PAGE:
Roasting Dandelion Roots with Dr. Nate Petley
With the coloring of the trees and the cooling of the temperatures in a typical Maine October, one often thinks of pumpkins. However, once that frost starts occurring more regularly, I think of a hot mug of roasted dandelion roots. Roasting brings out the earthiness of the roots. It is rich in texture and in flavor and pairs well a warm blanket and a good book. I find it a beverage of choice for after dinner when I want something rich like coffee but without the caffeine.
Do not collect or use dandelions that come from fields or yards that have been sprayed with chemicals. If harvesting these for the first time, please find a knowledgeable herbalist who can correctly identify them (in case you have any questions).
These roots were harvested from the garden where I let them grow freely throughout the summer. They don’t take up much space and in fact help choke out other more invasive weeds. Plus, these ‘weeds’ are highly edible and not a weed to me but nutritious food. Recall the simple definition of a weed: a plant growing where we don’t want it. To learn how I harvested these, click here. They have already been thoroughly cleaned from soil, stones, foreign plant material, etc.
On a cutting board, cut up the roots that are larger than say a pencil. Larger pieces take a little longer to roast than the smaller roots, which I leave whole.
Lay them on a cookie sheet in a single layer. Unlike other roasted vegetables, do not add olive oil, salt, or garlic (although, come to think of it, that combination would make a great base for a root soup with turnips, onions, potatoes, kale… but I digress).
Place the cookie sheet in the oven set at 250°F. The time the roots take to roast depends on the oven temperature, the size of the roots, and the preference of how roasted one prefers their roots. Lower oven temperatures are ideal but it takes longer to roast. I don’t get too fancy when cutting the roots except to make each batch relatively uniform in root size. Larger pieces take longer to roast. Some will throw the chopped roots into a food processor to create a finer texture (remember, you are not looking for powder). When I made this batch, I forgot they were in the oven and I thought I burned them. A few got a more crisp than I had planned. However, the more you roast them, them more ‘coffee’ like the brew makes. So bottom line is to plan on about two hours of roasting, give or take an hour. Stir the roots every 15 minutes or so to ensure uniform drying and roasting. Some will keep the door ajar to allow the moisture to escape but I don’t make large enough batches at one time to make much difference. I would if I roasted several pans at once.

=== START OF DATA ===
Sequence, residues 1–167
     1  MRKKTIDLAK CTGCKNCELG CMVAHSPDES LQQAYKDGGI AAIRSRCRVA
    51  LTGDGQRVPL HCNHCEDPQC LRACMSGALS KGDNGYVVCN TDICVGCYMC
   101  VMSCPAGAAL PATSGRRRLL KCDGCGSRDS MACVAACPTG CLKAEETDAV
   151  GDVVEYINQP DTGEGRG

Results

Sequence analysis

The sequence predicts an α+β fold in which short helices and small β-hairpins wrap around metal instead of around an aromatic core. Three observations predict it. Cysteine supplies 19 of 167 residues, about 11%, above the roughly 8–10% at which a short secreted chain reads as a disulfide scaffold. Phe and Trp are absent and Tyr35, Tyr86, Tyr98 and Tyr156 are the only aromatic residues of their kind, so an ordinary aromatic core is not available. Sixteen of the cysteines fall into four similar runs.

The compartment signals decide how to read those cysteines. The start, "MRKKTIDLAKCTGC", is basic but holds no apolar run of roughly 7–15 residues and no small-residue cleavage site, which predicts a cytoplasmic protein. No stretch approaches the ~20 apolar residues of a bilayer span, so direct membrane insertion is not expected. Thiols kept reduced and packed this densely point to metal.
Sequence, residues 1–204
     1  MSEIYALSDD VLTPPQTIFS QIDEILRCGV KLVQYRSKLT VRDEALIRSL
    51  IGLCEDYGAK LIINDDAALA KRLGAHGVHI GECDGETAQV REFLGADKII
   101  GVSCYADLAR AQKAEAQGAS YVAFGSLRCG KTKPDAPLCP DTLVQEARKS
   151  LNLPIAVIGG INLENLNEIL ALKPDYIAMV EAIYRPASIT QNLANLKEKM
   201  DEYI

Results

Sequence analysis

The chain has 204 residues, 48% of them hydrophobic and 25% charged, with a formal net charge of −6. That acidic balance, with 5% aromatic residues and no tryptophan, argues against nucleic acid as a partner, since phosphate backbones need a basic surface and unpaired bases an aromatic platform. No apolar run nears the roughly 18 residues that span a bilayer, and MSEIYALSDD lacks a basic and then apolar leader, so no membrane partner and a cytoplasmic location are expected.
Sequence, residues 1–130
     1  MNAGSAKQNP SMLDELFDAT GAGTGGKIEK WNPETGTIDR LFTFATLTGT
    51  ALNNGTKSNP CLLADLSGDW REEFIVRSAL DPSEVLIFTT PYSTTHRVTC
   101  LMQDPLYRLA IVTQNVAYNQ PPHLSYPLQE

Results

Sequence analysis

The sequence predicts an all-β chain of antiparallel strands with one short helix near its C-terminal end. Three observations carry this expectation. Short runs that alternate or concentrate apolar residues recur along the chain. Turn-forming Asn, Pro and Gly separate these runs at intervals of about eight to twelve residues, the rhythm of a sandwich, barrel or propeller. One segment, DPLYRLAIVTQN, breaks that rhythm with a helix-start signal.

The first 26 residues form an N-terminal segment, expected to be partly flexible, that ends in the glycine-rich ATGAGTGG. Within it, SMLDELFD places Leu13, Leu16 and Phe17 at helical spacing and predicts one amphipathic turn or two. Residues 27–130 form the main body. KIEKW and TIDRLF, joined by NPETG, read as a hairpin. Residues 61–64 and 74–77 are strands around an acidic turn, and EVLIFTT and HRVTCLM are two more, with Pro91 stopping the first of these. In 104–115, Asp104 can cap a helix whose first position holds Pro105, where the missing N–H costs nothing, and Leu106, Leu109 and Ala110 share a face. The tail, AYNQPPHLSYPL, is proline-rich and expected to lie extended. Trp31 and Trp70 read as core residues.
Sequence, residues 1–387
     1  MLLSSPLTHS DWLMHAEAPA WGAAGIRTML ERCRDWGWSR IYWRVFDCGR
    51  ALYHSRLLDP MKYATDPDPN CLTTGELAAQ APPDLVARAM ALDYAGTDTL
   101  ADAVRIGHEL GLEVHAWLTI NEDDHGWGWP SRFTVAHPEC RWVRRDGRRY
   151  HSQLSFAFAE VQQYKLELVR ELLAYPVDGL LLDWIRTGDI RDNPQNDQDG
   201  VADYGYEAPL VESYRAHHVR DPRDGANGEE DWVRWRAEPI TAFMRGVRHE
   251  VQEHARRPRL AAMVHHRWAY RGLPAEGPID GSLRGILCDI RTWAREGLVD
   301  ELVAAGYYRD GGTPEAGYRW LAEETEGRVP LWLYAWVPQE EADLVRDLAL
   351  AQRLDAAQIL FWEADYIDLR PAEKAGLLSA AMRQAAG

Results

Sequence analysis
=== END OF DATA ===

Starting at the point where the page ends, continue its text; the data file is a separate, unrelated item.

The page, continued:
It’s difficult to note differences in these pictures, but as the roots roast, the get duller and more uniform in color. The smaller roots will snap when bent. As the roasting nears the end, I will stir more frequently.
Once roasted, larger pieces will crumble into smaller pieces like these.
The next task is to grind the roots. Some days I like the slower process of making herbal medicine and I’ll use a mortar and pestle. Other days I might grind these in a coffee grinder for ease and speed.
Grind the roots to a gritty powder. This will speed the extraction process when making roasted root tea and allow the tea to be steeped. Otherwise, larger pieces of roots would need to be decocted (simmered on the stove).
There are many ways and many recipes to make the roasted dandelion root tea. Certainly, this is not the only way to brew up a cup, but it’s a way I do it more often than not. Add one tablespoon of ground roots per cup of boiling water, steeped covered for 10 minutes. This will create a rich, coffee-like beverage. For a less intense tea, try one to two teaspoons per cup.
For most of my teas, I do not use a tea bag or a fancy-looking tea strainer. I much prefer my herbs to swim around in the jar. This allows for proper swelling of the herbs and a better extraction process. Metal tea strainers, however cute they might be, are typically too restrictive and yields a milder tea.
Once the tea has brewed to the desired strength, pour the tea through a fine-mesh sieve to remove the bits of roots.
The final brew will be coffee-like color – dark brown to nearly black. There is a residual sweetness that lingers in this tea because the fall roots are full of polysaccharides. It does have a bitter flavor but I find it akin to that of coffee. Some might add dairy (animal or vegetable based) or a sweetener, but I’m very much a purist and drink it black. Try a plain cup for yourself before adding extras just to get a sense of what it tastes like. After, go wild! Consider adding warming spices like nutmeg, cardamom, and cinnamon. You could also turn this into a ‘mocha’ like beverage with the addition of cocoa powder. Have a favorite recipe? I’d love to hear it and try it.
Dr. Nate Petley is a naturopathic doctor and clinical herbalist. He lecturers throughout New England sharing his expertise in naturopathic and botanical medicine. Dr. Petley blends the art and science of herbalism in his clinic and classroom, relying on his 20 years of experience studying, wildcrafting, and making herbal medicine.
Dr. Nate Petley | www.drpetley.com | 2016. All rights reserved. All text and photos are the property of Nathaniel Petley, ND.